HARARE, August 21 (The Source) – Zimbabwe’s largest short-term insurer, NicozDiamond’s Gross Premiums Written (GPW) grew 42 percent to $22,4 million in the full-year to June, pushing its net profit up by 71 percent to $1,3 million, the company said on Friday.
Net Premiums Written were 50 percent higher at $15,1 million from $10,2 million last year but the operating profit fell 35 percent to $1,2 million after claims and operating expenses grew 45 percent over the prior year.
The Zimbabwean operations grew gross premiums by six percent but the underwriting profit fell 54 percent due to the long-term nature of policies and a high proportion of uncollected premiums, the company said.
For the group, underwriting profit fell 39 percent to $694,000, with the Malawi unit, United General Insurance Company (UGI), which it purchased from Zimre Holdings in January this year, making losses due to high claims while the Ugandan unit, FICO, made a small yield.
Income from properties and other investments contributed the balance of $533,000 to the operating profit, 22 percent lower than in the prior year as occupancy levels continued to fall while other investment posted lower than average returns.
“Though some of the associates were still in loss positions at June 2015, this had significantly reduced from prior periods, particularly relating to the new entity in Mozambique which is performing according to expectations of a start-up entity and is expected to start breaking even in the third year of trading,” said the company.
Diamond Seguros began operations in March last year and had met its revenue target of $2,3 million for the first nine months of trading. As at May 22 this year, the unit had written $1 million worth of business, NicozDiamond chief executive, Grace Muradzikwa told The Source in June this year.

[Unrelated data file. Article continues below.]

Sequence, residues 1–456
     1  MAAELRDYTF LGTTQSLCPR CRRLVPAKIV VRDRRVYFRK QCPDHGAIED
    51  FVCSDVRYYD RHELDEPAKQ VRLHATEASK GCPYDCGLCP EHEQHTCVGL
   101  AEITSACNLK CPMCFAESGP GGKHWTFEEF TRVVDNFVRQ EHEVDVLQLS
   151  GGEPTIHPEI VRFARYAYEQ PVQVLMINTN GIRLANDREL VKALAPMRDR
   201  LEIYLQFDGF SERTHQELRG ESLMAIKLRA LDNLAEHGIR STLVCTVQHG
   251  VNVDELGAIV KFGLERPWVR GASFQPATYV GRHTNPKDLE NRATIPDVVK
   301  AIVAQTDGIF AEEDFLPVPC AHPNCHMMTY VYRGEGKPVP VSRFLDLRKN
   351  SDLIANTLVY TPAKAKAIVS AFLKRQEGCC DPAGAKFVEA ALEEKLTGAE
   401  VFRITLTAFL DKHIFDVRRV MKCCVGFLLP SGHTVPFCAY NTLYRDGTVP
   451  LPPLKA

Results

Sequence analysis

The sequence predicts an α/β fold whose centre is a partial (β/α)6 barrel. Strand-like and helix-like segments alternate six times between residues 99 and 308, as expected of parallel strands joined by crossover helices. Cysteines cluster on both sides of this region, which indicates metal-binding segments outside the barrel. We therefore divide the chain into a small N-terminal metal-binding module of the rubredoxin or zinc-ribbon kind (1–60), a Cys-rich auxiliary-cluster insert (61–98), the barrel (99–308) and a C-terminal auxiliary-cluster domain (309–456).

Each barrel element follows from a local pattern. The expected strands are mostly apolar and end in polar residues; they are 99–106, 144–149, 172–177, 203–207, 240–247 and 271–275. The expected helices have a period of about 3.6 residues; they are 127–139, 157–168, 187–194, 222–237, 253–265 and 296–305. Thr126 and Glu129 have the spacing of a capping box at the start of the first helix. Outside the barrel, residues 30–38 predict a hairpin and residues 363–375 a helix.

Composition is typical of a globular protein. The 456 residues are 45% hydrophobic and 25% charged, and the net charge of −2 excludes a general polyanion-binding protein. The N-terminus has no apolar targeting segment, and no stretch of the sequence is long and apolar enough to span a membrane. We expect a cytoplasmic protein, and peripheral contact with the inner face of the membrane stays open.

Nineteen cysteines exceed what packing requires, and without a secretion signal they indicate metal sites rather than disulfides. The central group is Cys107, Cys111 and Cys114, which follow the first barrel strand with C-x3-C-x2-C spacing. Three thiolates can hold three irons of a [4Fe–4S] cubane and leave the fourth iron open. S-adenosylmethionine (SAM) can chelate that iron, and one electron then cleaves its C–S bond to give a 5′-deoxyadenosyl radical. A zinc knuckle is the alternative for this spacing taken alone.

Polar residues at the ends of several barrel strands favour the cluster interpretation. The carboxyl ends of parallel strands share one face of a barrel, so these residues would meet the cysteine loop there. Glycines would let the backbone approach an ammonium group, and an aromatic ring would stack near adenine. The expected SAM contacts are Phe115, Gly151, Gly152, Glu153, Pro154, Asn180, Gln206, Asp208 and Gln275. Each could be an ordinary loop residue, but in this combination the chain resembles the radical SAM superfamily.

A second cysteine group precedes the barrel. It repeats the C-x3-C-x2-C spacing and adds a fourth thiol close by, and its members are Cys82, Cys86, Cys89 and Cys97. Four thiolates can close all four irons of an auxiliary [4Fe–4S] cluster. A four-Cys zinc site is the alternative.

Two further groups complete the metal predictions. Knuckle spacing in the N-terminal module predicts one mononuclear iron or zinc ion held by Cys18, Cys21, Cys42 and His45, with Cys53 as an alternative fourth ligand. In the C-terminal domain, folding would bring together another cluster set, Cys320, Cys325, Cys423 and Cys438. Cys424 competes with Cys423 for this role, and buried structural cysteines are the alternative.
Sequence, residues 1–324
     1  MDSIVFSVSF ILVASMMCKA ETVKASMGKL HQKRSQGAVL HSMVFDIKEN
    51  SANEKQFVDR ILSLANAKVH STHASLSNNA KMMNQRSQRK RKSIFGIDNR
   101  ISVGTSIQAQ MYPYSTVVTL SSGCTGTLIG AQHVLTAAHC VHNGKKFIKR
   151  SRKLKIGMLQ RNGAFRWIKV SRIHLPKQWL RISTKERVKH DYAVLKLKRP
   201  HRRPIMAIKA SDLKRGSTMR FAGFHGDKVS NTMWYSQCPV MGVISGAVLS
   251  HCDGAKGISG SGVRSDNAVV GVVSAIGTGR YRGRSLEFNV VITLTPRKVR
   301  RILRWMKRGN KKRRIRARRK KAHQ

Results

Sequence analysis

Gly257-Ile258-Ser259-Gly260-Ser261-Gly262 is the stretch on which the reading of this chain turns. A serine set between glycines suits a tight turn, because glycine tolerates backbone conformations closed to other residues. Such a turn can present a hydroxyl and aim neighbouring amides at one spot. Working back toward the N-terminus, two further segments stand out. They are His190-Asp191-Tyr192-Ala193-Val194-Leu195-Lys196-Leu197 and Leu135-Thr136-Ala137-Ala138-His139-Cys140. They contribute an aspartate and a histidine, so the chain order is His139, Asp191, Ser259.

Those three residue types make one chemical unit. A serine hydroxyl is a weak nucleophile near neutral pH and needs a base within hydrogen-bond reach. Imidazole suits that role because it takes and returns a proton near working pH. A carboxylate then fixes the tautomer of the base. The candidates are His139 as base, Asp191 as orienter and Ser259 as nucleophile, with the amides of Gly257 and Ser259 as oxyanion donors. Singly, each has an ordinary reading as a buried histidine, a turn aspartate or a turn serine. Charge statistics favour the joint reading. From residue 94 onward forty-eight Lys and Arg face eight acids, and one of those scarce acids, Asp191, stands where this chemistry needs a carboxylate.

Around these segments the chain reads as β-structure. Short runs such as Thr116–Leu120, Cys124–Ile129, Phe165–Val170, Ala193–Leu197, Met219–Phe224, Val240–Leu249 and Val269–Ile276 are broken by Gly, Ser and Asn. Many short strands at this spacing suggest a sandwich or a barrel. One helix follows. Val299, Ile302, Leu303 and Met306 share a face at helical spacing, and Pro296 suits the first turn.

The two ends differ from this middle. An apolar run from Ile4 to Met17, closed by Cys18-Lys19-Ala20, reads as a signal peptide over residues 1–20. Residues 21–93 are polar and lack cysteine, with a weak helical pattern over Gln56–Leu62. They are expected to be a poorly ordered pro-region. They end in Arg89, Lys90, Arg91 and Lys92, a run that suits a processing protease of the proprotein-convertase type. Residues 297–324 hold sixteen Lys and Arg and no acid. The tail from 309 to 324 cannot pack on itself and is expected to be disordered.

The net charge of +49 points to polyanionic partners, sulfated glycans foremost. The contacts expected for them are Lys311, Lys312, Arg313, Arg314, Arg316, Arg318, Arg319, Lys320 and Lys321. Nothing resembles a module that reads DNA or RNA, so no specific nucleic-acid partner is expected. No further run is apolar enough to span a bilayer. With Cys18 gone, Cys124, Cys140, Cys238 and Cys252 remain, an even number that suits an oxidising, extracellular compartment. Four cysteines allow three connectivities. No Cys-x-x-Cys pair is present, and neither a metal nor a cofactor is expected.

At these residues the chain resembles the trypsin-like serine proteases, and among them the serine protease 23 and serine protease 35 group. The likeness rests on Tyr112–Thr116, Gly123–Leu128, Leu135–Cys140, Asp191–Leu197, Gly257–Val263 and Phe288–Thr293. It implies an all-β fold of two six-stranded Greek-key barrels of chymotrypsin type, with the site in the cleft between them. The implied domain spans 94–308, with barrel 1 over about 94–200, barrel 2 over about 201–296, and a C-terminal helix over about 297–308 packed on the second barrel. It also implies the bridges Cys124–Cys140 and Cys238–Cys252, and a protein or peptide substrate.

Going forward, the group expects to grow revenues through new sources of business such as the Global strategic alliances as well as from the new products. It also expects to launch two new products before the end of the year.
“Expenses will be stringently managed for the remainder of the year with a host of cost controls measures already being put in place to ensure leaner and more efficient structures. Increased vigilance will be exercised on claims in light of the increased prevalence of fraudulent claims,” the company said.
Sales of the group’s Diamond Villas cluster houses sales have been slow though they are expected to pick up as some financial institutions are now giving longer tenure mortgages. The sales are expected to improve investment income for the year though at a lower magnitude than had been initially anticipated.
Its Malawi subsidiary is expected to turn to profitability on underwriting by year end while FICO in Uganda is at best expected to break even.
The group declined to declared an interim dividend until the full year performance has been ascertained.